BOE Technology Group, a Chinese giant that has a large part of the worldwide LCD market and has also been manufacturing OLED displays on a large scale for years now, has jumped on the foldable OLED bandwagon. As seen in the recently emerged video below, the display in question can be folded and unfolded to make a phone or a tablet, with no visible border between the two non-hinged segments of screen. The prototype device, shown running Android, has some seriously thick bezels, but BOE isn’t planning on making its own devices; it wants to try to sell these panels to Apple. BOE is hoping to court Cupertino and put pressure on Samsung, the American company’s current largest display supplier.
Background: BOE is a state-owned company with the backing of Beijing city officials, and it has one of the largest OLED factories out there. BOE has never made a big deal of publicity, so many readers may not have heard of the company before this reveal. It bought up Hynix-owned Hydis Technologies’ OLED operations in 2001 and has been quietly working on its OLED product lineup since then. Today’s grand reveal is a bit of a twist for the company, which has never made a habit of trying to disrupt spaces and dethrone large outfits in the past.
Background: The panel being shown off by BOE is nothing to sneeze at. It can cover up to 118 percent of the NTSC color gamut, making it one of the more versatile displays out there of any sort. Paired with a good backlight and barring any possible quality control issues, an OLED panel like this wouldn’t be entirely out of place in any flagship device. A demo unit shown off by BOE had a 1440p resolution, common on high-end smartphones and tablets. As for its flexibility, it was tested to be able to bend all the way to a 1-degree angle, making it agile enough to wrap around almost any hinge setup. Finally, testing showed it being able to bend all the way and then go back to straight up to 100,000 times without any ill effects. Given that the average person reportedly checks their phone about 80 times per day, this means that if they unfold the device every single time they pull it out, it would take some 34 years of daily use for the screen to show any noticeable signs of degradation.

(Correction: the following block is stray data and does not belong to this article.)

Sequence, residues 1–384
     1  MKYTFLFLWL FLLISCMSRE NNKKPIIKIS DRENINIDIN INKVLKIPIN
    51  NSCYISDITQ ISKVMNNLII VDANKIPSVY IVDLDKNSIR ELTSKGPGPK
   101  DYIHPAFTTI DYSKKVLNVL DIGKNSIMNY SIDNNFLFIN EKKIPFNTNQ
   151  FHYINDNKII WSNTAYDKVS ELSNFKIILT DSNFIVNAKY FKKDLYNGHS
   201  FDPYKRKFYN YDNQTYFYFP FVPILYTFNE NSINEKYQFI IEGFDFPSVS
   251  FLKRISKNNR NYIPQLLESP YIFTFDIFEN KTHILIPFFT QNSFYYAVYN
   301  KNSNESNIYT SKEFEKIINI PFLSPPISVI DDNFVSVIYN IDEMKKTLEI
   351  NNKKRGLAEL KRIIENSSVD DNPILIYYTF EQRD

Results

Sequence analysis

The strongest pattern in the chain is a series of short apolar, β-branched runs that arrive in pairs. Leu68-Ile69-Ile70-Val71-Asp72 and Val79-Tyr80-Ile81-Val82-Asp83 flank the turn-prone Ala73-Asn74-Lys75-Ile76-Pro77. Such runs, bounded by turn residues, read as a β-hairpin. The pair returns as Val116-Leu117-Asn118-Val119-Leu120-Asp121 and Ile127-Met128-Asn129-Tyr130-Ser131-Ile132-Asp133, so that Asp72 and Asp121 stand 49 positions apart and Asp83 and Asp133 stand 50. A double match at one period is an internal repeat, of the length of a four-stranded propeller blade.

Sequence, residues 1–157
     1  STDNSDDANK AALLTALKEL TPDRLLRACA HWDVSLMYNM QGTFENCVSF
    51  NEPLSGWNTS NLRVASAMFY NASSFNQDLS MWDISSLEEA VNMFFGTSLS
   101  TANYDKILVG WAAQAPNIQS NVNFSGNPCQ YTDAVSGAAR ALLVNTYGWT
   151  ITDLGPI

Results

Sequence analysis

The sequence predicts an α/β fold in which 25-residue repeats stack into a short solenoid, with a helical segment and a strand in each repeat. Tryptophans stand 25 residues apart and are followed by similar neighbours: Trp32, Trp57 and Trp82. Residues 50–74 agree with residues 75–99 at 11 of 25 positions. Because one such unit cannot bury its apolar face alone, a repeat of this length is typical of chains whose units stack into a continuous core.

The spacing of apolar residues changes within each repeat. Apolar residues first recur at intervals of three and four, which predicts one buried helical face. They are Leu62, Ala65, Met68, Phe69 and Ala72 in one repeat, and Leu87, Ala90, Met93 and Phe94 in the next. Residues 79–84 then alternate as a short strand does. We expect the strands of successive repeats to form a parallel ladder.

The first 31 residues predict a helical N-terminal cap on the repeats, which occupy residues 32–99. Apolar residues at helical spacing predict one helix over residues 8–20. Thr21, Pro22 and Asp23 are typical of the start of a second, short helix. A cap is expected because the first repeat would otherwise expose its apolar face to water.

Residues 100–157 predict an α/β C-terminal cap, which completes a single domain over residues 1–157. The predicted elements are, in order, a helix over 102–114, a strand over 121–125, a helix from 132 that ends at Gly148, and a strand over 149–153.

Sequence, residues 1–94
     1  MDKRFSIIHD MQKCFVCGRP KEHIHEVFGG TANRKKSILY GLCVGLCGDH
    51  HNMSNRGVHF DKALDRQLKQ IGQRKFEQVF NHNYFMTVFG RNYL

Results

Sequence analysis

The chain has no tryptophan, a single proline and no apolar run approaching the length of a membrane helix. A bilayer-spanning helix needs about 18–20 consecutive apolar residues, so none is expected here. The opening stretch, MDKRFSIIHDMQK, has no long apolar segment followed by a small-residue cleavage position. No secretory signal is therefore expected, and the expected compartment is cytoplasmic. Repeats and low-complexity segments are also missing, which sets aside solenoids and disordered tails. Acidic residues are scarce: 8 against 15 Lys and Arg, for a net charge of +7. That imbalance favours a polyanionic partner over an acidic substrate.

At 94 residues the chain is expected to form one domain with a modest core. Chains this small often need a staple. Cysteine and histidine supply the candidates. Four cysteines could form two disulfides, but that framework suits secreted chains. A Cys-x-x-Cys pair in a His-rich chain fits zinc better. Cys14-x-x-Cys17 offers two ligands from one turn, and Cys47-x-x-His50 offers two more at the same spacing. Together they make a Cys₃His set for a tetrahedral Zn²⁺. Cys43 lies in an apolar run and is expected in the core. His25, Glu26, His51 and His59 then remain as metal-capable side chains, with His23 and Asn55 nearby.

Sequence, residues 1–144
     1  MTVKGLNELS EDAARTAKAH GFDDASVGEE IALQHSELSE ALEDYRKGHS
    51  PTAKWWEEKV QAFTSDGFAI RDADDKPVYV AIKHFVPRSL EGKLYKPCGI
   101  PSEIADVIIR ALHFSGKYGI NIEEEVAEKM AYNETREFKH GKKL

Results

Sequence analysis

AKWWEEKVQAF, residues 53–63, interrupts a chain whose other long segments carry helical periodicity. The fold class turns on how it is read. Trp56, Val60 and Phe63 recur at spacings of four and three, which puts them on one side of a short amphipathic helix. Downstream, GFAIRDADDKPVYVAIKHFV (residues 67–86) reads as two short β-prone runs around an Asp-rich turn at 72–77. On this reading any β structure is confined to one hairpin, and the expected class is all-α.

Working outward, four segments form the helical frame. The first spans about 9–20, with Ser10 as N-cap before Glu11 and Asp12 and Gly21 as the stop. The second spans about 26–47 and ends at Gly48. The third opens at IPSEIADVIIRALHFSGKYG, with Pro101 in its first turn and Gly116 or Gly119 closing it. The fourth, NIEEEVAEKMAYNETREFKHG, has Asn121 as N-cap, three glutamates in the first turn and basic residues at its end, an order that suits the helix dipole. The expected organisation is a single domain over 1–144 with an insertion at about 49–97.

Impact: Essentially, with the announcement of this panel, BOE has thrown down the gauntlet. It’s joining an increasingly crowded arena by announcing a foldable OLED display, but the company’s Apple ambitions are taking aim directly at Samsung. The Korean monolith is almost surely not going to take this sitting down, so industry watchers are in for an interesting battle in the nascent folding OLED space. While Samsung has an insane amount of money and resources at its disposal, BOE is well-positioned to take this fight in stride, with a massive factory in the heart of Beijing, and the backing of the city and the Chinese government to expand its operations and keep pace with competitors.